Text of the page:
Friday, April 25, 2014

"Nacirema: Stories of Color" at nimbus theatre

"I don't see race. People tell me I'm white and I believe them because (insert hilarious quip here)." This is one of my favorite Colbert Report bits, because it shows just how ridiculous it is to claim to be color-blind. We're not color-blind and we shouldn't be, we should see and celebrate all our beautiful colors, despite the difficulties that may come along with it. nimbus theatre's new original work Nacirema (American spelled backwards) explores this and other ideas about race in America. Presented as a series of vignettes written by nimbus' Artistic Directors Josh Cragun and Liz Neerland, along with the seven-person ensemble, it's a modern, thoughtful, innovative, and entertaining take on the issue.

This seven-person cast (consisting of Ernest Briggs, Alsa Bruno, Suzie Cheng, Nastacia Nicole Foster, Dana Lee Thompson, Jesse Villarreal, and Simone Williams), most of whom were unfamiliar to me, all do a wonderful job bringing their unique perspectives and talent to the piece. On a mostly bare stage with a screen to display images or video, with large panels occasionally covering it to provide the backdrop (scenic and video design by Josh Cragun), a dozen or two short scenes played out. Some are funny, some poignant, some a bit shocking, all raw and true. My favorites include:
  • The show begins with the cast visiting Nacirema Travel Agency, illustrating the mostly horrible ways people ended up in this country.
  • A spoof of local news shows us how skewed it can be, with hilariously sing-songy voices by Ernest and Simone, and stories featuring homicide, sports, and weather.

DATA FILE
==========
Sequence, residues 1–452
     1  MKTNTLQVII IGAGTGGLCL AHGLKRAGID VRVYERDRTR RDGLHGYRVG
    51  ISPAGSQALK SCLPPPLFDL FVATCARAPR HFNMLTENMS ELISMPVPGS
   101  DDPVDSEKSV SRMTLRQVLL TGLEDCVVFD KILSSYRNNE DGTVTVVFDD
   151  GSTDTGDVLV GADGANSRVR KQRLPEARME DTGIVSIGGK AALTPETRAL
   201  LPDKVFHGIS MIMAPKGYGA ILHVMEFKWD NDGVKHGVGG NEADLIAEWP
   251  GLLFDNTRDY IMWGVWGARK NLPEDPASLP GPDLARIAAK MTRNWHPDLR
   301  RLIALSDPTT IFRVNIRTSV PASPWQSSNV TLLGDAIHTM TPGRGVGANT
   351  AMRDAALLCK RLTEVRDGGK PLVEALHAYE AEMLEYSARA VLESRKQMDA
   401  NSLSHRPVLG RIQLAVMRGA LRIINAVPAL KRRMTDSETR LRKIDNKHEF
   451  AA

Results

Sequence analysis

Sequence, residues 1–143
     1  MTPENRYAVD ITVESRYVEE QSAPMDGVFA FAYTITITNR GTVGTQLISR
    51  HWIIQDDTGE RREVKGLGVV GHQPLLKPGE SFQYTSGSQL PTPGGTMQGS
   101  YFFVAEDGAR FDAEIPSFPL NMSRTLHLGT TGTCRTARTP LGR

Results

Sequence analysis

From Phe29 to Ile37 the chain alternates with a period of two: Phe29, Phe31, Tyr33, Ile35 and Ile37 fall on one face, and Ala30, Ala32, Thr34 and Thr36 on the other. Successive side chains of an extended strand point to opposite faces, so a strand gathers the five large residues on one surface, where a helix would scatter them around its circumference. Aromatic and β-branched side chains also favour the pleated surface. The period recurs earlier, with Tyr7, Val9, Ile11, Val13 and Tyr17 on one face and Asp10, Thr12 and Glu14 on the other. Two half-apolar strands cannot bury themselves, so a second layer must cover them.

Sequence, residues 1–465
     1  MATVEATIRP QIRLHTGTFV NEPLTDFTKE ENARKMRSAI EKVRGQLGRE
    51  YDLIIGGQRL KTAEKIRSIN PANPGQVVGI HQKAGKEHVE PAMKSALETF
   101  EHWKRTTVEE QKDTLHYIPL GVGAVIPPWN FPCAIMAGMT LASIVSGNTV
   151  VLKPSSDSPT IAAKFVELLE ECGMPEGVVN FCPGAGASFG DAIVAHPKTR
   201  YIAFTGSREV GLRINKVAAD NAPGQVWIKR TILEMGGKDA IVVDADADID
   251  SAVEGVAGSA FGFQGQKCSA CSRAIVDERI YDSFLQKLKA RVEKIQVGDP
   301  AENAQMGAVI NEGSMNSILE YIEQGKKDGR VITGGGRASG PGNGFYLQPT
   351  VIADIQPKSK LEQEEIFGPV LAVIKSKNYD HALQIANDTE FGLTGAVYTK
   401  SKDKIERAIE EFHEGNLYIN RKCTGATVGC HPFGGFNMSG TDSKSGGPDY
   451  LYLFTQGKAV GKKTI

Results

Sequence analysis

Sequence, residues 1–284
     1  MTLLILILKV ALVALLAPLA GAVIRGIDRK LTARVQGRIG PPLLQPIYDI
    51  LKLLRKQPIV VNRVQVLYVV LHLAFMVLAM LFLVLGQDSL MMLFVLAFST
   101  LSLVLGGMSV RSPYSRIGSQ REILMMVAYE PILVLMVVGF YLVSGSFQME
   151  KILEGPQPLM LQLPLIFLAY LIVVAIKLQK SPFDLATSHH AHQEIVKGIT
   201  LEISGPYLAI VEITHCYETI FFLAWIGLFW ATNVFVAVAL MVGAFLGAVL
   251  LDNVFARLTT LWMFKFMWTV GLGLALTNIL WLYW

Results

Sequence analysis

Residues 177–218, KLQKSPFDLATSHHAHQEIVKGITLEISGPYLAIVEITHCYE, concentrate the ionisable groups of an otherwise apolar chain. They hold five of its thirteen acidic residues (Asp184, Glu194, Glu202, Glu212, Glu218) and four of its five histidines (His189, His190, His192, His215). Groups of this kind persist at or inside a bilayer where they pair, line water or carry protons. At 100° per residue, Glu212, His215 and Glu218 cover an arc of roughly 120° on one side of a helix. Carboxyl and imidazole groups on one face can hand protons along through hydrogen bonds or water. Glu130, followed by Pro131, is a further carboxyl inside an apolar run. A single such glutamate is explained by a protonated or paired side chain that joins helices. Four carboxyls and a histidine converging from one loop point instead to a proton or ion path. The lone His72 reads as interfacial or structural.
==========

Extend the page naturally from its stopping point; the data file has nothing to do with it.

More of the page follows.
• A QVC sale of the "token friend of color" is funny and dead on and might make you squirm a little.
  • A scene on a bus with few words spoken shows us what's really going on inside people's heads as characters hold up signs that display their thoughts. It's quite telling, moving, and disturbing.
  • In some of the most beautiful scenes, each of the seven ensemble members describes her or himself in terms of food, which I assume they had at least a part in writing. These monologues are all lovely, diverse, and poetic, like spoken word performances.
  • What starts out as a fun dance party with Alsa calling movements and the cast performing them turns into a sobering police encounter.
  • Alsa's painting show (think Bob Ross painting a crack house) is really funny, playful, and surprisingly poignant.
  • Dana and Nastacia embrace and celebrate beautiful natural hair!
  • The cast stands at the front of the stage and takes turns saying some of the stupid and insensitive things people say.
  • A lovely song by Dana and the cast ends the show, with beautifully diverse images of famous Americans displayed on the screen.
I'm a little late to this party - nimbus theatre's Nacirema closes this Sunday. But if you have time this weekend, I recommend checking it out for some entertaining, thought-provoking, challenging, creative theater.

the cast of Nacirema

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